These are just some illustrations of findings and issues that can be addressed. And one has to resist the temptation to generalise. These relationships are observed in just a few of India’s more than 500,000 villages, and the different studies also use different concepts and methods. But these studies do make it possible to better understand the dynamics of change.


These studies also discuss the longitudinal method itself. Alongside their advantages such studies also raise a number of challenges.

First, long-term village studies pose the question - what is the village. Villages are increasingly part of a wider economic and social framework. That has always been the case, of course, and the village republic is something of a myth; but the question can increasingly be asked, how far is the village an appropriate unit of analysis? Villages are swallowed up by towns, or serve as residences for commuters. Both economy and society becomes less distinct. Many of the village studies document this process.

So not only is it more difficult to distinguish the object of the research, but the nature of that object is itself changing. The village remains a crucial reference point for the bulk of the population, and an identity persists across time. But it is important to capture not only change within the village but also change in connections between the village and the wider society.

Second, longitudinal research faces a particular problem of change not only in the village, but also in the researcher. There may be different researchers in successive studies, or the same researcher but whose perspective changes as he or she ages. This may have an impact on both theoretical framework and method. And in repeated studies over the long term, there is likely to be a changing relationship between the researcher and the village, for personal connections develop and it is difficult for the researcher to remain a neutral, external observer.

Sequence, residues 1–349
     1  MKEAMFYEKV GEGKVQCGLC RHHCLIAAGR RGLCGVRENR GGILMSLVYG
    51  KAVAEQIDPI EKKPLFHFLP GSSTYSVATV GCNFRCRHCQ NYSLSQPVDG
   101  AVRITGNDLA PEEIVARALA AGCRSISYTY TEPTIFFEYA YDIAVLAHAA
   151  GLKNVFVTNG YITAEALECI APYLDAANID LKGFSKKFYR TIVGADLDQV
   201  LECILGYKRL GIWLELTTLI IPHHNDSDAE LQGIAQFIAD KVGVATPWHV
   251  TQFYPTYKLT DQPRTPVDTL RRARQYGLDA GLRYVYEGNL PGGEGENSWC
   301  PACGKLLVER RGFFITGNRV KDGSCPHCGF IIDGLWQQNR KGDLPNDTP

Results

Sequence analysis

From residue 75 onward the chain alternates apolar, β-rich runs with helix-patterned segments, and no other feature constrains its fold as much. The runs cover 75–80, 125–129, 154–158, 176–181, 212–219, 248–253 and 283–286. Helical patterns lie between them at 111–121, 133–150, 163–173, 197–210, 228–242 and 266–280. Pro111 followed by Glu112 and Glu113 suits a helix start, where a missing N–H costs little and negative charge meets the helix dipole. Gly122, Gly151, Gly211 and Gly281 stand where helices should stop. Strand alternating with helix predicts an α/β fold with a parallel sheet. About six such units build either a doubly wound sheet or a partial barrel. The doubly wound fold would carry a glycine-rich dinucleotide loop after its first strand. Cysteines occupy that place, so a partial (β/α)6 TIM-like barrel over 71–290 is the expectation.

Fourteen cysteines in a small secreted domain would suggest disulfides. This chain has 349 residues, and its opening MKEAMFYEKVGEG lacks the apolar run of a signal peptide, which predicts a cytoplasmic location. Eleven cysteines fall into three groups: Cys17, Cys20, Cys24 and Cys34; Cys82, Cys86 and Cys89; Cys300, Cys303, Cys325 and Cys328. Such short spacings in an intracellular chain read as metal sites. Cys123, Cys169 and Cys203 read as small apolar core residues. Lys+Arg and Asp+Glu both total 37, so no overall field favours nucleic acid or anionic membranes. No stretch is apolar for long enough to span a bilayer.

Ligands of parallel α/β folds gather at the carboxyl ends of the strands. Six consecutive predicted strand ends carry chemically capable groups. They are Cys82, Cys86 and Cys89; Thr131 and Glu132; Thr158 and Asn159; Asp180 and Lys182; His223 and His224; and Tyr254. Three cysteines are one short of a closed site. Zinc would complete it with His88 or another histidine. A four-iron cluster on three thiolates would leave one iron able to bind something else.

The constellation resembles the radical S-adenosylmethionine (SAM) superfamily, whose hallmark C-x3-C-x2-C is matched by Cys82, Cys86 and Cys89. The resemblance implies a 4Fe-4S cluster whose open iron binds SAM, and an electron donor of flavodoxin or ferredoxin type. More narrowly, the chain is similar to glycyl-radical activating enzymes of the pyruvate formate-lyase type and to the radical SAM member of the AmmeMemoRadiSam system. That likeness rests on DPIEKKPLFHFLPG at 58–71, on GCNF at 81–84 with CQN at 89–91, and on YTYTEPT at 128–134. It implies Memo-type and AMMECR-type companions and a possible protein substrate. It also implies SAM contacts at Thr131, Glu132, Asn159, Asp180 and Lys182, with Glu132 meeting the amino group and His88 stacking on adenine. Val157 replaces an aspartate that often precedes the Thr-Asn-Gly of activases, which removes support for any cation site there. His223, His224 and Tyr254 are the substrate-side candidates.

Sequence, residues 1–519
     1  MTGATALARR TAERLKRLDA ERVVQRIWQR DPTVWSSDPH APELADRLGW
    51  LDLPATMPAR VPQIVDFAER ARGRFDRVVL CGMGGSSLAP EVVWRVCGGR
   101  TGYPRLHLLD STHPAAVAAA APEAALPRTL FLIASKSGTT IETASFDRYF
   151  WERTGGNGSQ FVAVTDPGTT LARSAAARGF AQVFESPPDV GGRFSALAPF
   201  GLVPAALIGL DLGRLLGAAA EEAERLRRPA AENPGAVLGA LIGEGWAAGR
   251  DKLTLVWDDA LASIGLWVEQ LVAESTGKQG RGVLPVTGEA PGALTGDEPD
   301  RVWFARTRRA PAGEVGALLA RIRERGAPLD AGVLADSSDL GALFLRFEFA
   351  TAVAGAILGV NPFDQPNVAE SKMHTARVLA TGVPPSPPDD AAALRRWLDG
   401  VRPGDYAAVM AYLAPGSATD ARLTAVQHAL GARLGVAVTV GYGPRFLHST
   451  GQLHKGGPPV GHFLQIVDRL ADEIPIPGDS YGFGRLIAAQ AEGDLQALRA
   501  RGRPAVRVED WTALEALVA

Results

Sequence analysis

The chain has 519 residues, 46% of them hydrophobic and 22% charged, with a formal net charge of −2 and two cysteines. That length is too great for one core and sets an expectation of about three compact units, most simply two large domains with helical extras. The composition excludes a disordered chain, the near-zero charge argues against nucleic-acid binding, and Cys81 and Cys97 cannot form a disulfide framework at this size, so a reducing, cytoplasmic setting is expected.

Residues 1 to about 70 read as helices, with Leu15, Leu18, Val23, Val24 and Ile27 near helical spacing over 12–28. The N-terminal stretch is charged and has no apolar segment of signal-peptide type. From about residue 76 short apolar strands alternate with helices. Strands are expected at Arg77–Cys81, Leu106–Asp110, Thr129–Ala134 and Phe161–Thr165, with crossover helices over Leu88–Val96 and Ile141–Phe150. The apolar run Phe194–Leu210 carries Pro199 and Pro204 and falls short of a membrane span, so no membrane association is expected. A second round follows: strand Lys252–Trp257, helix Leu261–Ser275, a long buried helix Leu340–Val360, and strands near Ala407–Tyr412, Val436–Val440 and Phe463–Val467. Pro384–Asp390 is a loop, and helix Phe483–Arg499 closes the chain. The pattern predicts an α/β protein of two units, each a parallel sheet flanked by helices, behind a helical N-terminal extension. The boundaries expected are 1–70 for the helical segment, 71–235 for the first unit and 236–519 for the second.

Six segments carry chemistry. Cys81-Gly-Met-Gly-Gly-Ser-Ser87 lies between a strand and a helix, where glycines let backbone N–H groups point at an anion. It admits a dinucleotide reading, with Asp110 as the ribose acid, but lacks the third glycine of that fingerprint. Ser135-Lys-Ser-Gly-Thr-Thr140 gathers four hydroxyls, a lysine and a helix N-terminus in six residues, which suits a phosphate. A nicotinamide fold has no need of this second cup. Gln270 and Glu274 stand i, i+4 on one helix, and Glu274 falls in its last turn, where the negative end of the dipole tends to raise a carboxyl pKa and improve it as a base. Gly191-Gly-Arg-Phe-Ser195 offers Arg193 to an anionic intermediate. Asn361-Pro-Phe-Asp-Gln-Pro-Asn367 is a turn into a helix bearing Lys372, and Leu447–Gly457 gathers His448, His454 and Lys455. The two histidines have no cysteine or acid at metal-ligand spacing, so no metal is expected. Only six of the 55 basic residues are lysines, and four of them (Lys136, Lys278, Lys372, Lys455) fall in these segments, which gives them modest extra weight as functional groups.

Third, there is a trade-off between depth and breadth. The greater the investment in a single village, the more accurate the information and the deeper the understanding. But such efforts involve considerable resources and efforts over long periods of time, which are not easy to sustain, and are geographically concentrated. Also there are significant benefits from studying several villages in order to take a comparative approach or to achieve a degree of representation. Each approach has its advantages and disadvantages, and in fact there is value added in applying diverse methods.


  1. Panel data is a dataset in which the behaviour of entities is observed over time.
  2. Gini coefficient is the most commonly used measure of inequality. The coefficient varies between 0 (reflecting complete equality) and 1 (reflecting complete inequality).

Further Reading

  • Himanshu, P Jha and G Rodgers (eds.) (2016), The changing village in India. Insights from longitudinal research, Oxford University Press, New Delhi.